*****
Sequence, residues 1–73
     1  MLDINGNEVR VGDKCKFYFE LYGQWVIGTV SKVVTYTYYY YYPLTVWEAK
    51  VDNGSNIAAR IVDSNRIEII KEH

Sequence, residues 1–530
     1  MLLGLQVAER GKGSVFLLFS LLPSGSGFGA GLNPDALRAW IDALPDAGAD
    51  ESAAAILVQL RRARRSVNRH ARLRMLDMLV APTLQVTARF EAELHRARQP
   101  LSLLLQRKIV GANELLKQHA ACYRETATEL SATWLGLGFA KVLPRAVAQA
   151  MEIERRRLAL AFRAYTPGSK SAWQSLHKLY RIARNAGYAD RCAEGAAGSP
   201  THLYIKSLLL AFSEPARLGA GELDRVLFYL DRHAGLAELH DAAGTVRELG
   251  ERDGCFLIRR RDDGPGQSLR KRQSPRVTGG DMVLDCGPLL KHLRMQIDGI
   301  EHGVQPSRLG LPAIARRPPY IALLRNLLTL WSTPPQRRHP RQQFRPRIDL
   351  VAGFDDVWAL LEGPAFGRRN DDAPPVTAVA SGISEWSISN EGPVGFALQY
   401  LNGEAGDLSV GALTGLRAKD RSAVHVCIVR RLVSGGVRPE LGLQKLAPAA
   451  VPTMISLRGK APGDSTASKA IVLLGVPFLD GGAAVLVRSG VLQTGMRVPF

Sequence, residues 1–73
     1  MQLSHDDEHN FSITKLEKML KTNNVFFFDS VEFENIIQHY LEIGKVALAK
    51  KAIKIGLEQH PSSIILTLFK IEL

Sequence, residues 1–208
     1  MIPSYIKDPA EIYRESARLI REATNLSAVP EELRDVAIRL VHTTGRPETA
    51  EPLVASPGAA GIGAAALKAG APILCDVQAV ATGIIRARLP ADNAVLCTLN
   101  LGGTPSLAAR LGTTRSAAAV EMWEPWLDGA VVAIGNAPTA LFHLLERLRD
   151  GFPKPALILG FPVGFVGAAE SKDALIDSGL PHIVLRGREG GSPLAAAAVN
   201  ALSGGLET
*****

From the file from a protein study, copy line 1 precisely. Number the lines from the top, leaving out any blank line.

Sequence, residues 1–73